Democrats Are Misleading The Public On Governor's Office Bonuses
Earlier today I wrote a post about nearly $100,000 in retention bonuses Governor Jack Dalrymple handed out to five staff members. Dalrymple’s defense of the bonuses holds that they were necessary to keep people in jobs that, given Dalrymple’s decision not to run for re-election, now have an expiration date.
But Democrats are making political hay over the bonuses. And they might be right to, if they just stuck to the size of the bonuses which are pretty disproportionate to other retention bonuses given to state employees. The problem is, they’re being very misleading.
Case in point, this quote posted to Twitter on the official North Dakota Democrat account which has Senate Minority Leader Mac Schneider claiming the bonuses pulled money away from law enforcement officers:
There's nothing conservative about giving your top political appointee a $32k bonus. #NDPol pic.twitter.com/7lZ8TVnu50
— ND Dem-NPL (@nddemnpl) November 3, 2015
If this were true it would be bad, but it’s not true.
I spoke with Ken Purdy, executive director of North Dakota Human Resource Management Services, earlier today and he pointed out that these bonuses were paid out of the existing budgets of each state agency. “Agencies have to cover these within their salary line items,” Purdy told me. “There are no additional appropriations provided.”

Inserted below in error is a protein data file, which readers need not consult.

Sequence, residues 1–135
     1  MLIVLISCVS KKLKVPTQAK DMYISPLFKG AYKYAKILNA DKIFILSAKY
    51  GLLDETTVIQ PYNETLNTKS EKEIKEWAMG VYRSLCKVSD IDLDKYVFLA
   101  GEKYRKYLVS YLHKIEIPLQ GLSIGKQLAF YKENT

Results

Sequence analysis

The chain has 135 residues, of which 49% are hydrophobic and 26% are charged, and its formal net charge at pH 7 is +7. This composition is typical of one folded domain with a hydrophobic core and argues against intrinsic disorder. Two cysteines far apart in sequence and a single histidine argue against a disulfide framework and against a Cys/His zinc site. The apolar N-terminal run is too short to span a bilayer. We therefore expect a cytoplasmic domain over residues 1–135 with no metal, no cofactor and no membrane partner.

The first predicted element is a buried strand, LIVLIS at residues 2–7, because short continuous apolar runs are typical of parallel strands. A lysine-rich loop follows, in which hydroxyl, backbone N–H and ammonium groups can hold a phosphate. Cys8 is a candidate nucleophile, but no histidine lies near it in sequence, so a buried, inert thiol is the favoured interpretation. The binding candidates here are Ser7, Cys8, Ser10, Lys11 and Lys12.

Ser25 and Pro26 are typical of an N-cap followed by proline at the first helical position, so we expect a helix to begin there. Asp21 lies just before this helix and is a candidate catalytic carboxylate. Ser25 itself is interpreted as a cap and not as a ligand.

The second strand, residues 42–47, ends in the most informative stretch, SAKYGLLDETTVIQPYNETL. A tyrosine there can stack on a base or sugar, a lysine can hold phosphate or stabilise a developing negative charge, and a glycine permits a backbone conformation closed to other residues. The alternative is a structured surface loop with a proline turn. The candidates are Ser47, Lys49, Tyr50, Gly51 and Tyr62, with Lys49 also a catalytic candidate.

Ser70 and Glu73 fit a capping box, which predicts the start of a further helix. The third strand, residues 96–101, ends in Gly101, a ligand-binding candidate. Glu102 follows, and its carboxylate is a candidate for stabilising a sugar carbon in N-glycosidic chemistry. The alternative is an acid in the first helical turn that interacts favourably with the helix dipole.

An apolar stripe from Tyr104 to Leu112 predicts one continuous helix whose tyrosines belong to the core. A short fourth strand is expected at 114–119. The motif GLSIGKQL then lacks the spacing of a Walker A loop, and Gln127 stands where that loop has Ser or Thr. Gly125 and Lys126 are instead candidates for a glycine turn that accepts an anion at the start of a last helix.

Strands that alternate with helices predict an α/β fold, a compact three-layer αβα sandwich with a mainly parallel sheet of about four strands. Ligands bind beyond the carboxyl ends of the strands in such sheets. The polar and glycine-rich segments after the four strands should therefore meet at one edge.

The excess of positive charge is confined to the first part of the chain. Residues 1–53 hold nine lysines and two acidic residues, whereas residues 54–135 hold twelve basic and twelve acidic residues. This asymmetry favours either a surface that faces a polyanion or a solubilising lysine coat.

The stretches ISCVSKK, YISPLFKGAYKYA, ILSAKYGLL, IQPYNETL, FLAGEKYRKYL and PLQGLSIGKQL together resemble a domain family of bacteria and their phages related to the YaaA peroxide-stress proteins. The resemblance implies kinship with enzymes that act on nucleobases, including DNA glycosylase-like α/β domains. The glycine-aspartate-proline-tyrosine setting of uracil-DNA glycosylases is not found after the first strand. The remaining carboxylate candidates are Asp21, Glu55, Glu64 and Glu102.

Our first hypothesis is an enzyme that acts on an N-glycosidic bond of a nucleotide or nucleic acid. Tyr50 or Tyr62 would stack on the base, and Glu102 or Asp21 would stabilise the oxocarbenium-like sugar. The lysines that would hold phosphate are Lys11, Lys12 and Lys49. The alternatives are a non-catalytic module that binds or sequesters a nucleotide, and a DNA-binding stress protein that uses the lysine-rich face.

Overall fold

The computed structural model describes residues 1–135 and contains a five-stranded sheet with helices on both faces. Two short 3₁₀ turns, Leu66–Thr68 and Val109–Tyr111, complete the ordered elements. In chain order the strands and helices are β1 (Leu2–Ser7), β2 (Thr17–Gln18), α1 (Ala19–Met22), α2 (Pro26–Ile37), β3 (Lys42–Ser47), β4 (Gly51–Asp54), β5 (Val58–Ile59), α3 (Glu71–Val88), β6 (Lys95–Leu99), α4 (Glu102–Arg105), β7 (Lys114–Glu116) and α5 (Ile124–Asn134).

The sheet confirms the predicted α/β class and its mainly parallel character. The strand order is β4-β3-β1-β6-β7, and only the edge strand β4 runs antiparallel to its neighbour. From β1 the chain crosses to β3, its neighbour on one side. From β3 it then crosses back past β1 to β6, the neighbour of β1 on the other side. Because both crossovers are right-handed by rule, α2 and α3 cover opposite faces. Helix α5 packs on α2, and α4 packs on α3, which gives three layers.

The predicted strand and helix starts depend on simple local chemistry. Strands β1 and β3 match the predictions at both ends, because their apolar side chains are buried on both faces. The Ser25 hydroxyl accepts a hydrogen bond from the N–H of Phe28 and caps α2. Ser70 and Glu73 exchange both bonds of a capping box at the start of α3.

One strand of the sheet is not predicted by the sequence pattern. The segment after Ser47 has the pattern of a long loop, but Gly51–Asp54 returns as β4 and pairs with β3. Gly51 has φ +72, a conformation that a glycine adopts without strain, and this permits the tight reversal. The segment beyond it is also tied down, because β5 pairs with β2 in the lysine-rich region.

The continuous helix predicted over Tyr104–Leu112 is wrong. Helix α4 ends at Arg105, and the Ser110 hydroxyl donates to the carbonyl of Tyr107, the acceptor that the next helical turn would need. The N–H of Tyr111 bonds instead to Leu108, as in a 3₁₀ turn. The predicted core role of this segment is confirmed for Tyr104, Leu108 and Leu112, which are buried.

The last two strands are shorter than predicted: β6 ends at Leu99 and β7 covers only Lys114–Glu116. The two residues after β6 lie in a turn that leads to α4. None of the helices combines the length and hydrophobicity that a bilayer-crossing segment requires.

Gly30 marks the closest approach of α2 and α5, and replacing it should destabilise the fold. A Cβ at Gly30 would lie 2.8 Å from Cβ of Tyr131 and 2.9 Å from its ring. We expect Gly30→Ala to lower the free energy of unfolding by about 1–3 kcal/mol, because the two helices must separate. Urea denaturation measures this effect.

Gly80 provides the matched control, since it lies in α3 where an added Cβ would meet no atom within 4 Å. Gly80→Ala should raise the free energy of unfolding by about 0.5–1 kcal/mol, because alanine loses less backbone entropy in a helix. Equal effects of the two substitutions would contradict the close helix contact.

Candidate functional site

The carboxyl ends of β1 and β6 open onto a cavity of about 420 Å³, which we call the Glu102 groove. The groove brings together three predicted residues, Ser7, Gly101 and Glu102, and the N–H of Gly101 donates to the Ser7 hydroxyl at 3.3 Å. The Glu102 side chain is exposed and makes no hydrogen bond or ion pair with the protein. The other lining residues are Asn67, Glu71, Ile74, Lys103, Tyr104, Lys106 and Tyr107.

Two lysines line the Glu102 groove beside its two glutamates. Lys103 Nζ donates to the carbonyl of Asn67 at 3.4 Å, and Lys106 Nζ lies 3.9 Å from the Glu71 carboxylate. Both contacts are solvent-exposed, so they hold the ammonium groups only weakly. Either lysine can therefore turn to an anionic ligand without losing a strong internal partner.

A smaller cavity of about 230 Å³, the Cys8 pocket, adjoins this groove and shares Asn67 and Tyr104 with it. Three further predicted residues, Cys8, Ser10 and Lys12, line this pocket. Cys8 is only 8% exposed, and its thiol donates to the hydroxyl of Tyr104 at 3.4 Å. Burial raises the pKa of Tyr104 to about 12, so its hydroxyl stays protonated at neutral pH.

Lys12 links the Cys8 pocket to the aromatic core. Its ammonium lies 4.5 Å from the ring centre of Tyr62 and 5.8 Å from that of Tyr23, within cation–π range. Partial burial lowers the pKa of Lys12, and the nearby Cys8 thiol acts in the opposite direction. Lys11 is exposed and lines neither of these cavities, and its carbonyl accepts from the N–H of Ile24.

Schneider, and Democrats generally, are trying to make it sound like this is new money being spent. Or that Dalrymple stole money earmarked for cops and gave it to his staff. But that’s not really true. This came out of governor’s office budget lawmakers approved for the 2013-2015 biennium.
A budget Schneider himself actually voted for, along with every other Democrat and Republican in the Senate chamber:
If Democrats want to argue that these bonuses were excessive, then fine. Let’s have that debate. But let’s not be misleading about where the money for the bonuses came from. The funds weren’t robbed from police officers or engineers or anyone else. They were funds appropriated specifically to the governor’s office, and the governor spent them as he saw fit on staff.